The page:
Last week, while many of us were enjoying fireworks in the sky, there were some equally stunning fireworks in international copyright law. Much of the buzz was about the United States’ new stance toward international “limitations and exceptions” — examples being First Sale and Fair Use, two limitations and exceptions in domestic copyright law that allow American libraries to operate, but which the U.S. until now has refused to include in international treaties. The fireworks started on July 3 during negotiations on the Trans-Pacific Partnership (TPP) trade agreement, and continued on Independence Day when the European Parliament rejected the U.S.-backed Anti-Counterfeiting Trade Agreement (ACTA).
- How getting Internet provisions right in TPP trade talks could boost economy for all (Forbes/Ed Black) “The U.S. government is under pressure by some, including many in Hollywood, not to support language that’s good for the Internet. But early this week USTR [United States Trade Representative] proposed some key copyright language that emphasizes the importance of limitations and exceptions (such as ‘fair use’ in the U.S.) that industries, which represent one-sixth of the U.S. GDP, depend on. Previous trade deals like the flawed Anti-Counterfeiting Trade Agreement would have exported the intellectual property enforcement provisions of the U.S. Digital Millennium Copyright Act minus the kind of limitations and exceptions that have allowed US companies to flourish.”
- ACTA rejected by Europe, leaving copyright treaty near dead (ZDNet/David Meyer) “ACTA demanded the criminalisation of ‘commercial-scale’ copyright infringement, but its definition of commercial scale was broad enough to turn bloggers putting copyrighted images on their blogs into criminals. The treaty also criminalised the circumvention of digital rights management (DRM) and introduced a US-style approach to the calculation of damages. This latter measure would have allowed the equation of unlawful downloads with lost sales — a questionable method, as many people download something only to go on and buy it.”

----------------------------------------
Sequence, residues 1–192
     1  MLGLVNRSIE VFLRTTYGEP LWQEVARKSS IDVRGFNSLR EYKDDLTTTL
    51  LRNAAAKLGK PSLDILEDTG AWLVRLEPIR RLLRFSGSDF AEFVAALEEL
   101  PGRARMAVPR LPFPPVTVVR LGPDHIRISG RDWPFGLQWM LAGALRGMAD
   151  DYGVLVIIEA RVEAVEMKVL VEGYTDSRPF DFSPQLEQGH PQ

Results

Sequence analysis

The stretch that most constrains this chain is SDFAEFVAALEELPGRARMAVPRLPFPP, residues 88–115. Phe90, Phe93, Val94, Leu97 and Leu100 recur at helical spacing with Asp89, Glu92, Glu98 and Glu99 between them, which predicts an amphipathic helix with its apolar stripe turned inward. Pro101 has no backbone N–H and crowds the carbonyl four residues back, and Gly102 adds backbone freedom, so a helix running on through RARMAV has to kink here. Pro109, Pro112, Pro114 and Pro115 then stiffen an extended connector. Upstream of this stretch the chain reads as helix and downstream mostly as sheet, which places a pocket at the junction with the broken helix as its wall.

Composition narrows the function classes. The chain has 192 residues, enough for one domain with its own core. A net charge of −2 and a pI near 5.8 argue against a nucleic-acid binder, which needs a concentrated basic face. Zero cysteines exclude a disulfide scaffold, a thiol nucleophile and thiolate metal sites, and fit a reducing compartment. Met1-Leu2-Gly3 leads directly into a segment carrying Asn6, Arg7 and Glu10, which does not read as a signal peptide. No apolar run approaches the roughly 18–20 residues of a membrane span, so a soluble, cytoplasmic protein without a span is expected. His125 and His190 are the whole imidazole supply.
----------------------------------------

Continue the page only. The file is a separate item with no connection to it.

- Op-ed: MPAA/RIAA lose big as US backs copyright “limitations” (Ars Technica/Harold Feld) “…many US industries outside of Hollywood and the recording industry wanted ACTA to actually fight real counterfeiting. So not only did everyone end up wasting time on a treaty no one wants to sign anymore, businesses hoping to use the agreement to fight the folks making warehouses full of fake Rolex watches and such are totally out of luck. And why? Because the MPAA/RIAA [Motion Picture Association of America / Recording Industry Association of America] insisted ACTA needed lots of crazy stuff on intellectual property, and no one wanted to say no to the MPAA/RIAA.”
- With ACTA dead, TPP shapes up to avoid the same fate (WebProNews/Zach Walton) “So why is this such a big deal? The introduction of the Berne three-step test to TPP makes the copyright section at least appear desirable. The three-step test allows people to use copyrighted works in cases of criticism, parody, education, etc all under the banner of fair use. So is TPP fine after this? Not by a long shot, but it proves that the USTR is at least attentive to recent happenings around the world.”
The Trans-Pacific Partnership started (under another name) as a 2005 trade agreement between Chile, Singapore, New Zealand, and Brunei. Negotiations to expand the agreement to eight other countries, including the United States, have been in process since 2007.